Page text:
Another rigid defensive display from Burundi’s Atletico Olympic saw them hold Rwandan Primus League champions, APR, to a 0-0 draw at the 2012 CECAFA Kagame Cup, in Dar es Salaam on Tuesday.

As expected, Atletico Olympic’s coach, Cedric Kaze, named an unchanged line-up following his side’s impressive 2-0 win over Yanga on Saturday. Nahimana kept his place alongside two goal hero, Didier Kavumbagu, with defensive minded duo, Duhayindavyi and Ndayishimiye anchoring the centre of the Burundian’s midfield.

APR’s Dutch coach, Ernie Brandts, opted for a 4-4-2 formation, with Rwandan internationals Jean-Claude Iranzi, Olivier Karekezi, Jean-Claude Ndoli and Jean-Baptiste Mugiraneza in the starting eleven. Selemani Ndikumana  and Ugandan winger Dan Wagaluka were set to provide the side with advanced attacking options, in wide areas.

Atletico’s speed of recovery in the transition

APR dominated the early exchanges. The physicality and aggressiveness of Mugiraneza and Kabange in the centre of midfield gave the Rwandan’s an edge over the Burundian champions. But, despite having the ability to retain possession inside the midfield third, the narrow positioning of Atletico Olympic’s midfield four, particularly the close positioning of central midfield duo, Duhayindavyi and Ndayishimiye, meant that APR struggled to deliver penetrating forward passes into areas beyond Atletico Olympic’s midfield line.

It was not just this defensive positioning that enabled Atletico to restrict APR’s creative play, but the speed at which they were able to regain their defensive shape, in the turnover, made it even more difficult for the Rwandan’s to hurt their opponents on the counter.

(See diagram 1 showing Atletico Olympic’s defensive positioning)

Atletico also impressed with the speed of their counter attacks. The combination of Nahimana and Kavumbagu up front gave the Burundian’s two natural target men; both adapt at playing front and back to goal. In the turnover, central midfielder Ndayishimiye made several driving forward runs in support of his two strikers. The teams’ wingers, Kwizera and Mbazumutima, were also quick to take up narrow positions in support of the front two. With half an hour gone, and despite having enjoyed considerably less possession than their Rwandan counterparts, Atletico had had more shots on goal (5), compared with APR’s (1).

The importance of varied attacking options and tempo, in the attacking third

Despite dominating possession in the first half (61% to 39%) APR had only one attempt on goal. With Atletico’s midfield and defensive lines closely positioned, the Rwandan’s were in need of more varied attacking options and a higher tempo, in possession, to stretch and pull their opponents out of position.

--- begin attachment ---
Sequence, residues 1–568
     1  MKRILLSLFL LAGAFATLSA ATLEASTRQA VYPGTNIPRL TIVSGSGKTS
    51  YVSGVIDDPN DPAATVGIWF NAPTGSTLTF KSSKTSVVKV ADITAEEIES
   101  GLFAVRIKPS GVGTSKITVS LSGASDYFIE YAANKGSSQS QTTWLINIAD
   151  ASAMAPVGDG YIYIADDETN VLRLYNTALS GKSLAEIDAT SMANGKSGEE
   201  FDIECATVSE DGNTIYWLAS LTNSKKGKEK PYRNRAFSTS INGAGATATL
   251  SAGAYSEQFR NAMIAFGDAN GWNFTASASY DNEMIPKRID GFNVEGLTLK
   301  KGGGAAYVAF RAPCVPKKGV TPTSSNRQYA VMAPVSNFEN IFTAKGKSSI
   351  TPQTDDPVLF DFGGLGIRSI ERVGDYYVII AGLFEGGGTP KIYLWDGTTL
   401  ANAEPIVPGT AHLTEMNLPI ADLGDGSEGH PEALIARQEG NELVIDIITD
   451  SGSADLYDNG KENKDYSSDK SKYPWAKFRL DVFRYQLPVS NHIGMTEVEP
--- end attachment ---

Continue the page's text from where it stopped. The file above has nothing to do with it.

Interestingly, rather than drawing Atletico out, by maintaining possession in deeper areas, or encouraging more sustained pressure from their opponents, APR attempted to force the Atletico defensive lines deeper, trying to open up space inside their half.

In the opening stages of the second half the focus of their attacks was down the flanks. In the transition, Kabange dropped deep to receive the ball from his back four before playing quick passes into wide areas, allowing Dan Wagaluka and Jean-Claude Iranzi to deliver crosses into the box from deeper positions. The key to this was the speed at which Kabange could deliver accurate passes to the wide areas, and the quality of Wagaluka and Iranzi crosses into the box.

The objective of this tactic was to force Atletico’s defensive line to step back into deeper areas; where, even if they were successful in clearing their lines, they would be likely to surrender space to APR’s attackers, 25-30 yards from goal. And with crosses now deliverable from deeper areas, it would force the Atletico’s wingers to press higher and wider; conceding more space in central areas, outside of the penalty area.

APR’s coach, Ernie Brandts, drew back Oliver Karekezi from the front two, playing him off St Preus, in a 4-4-1-1. This gave Karekezi more opportunities to play front to goal, feeding off knock down headers from St Preus.

(See the diagram below showing APR’s positioning in the attacking third, with the early crosses from wide areas)

However, the positioning and awareness of the Atletico centre backs, Karekezi and Nongwe, was a major factor in keeping the APR attacking unit at bay, denying them clear goalscoring opportunities from crosses into the box. Considering ARP’s clear height advantage, this is an area of their performance that coach Ernie Brandts must be disappointed with.

Much like Yanga before them, APR will have expected to take all three points against their less illustrious Burundian opponents. But yet another stern defensive performance from Atletico means they are now well deserved favorites to top Group A and qualify for the quarter finals.

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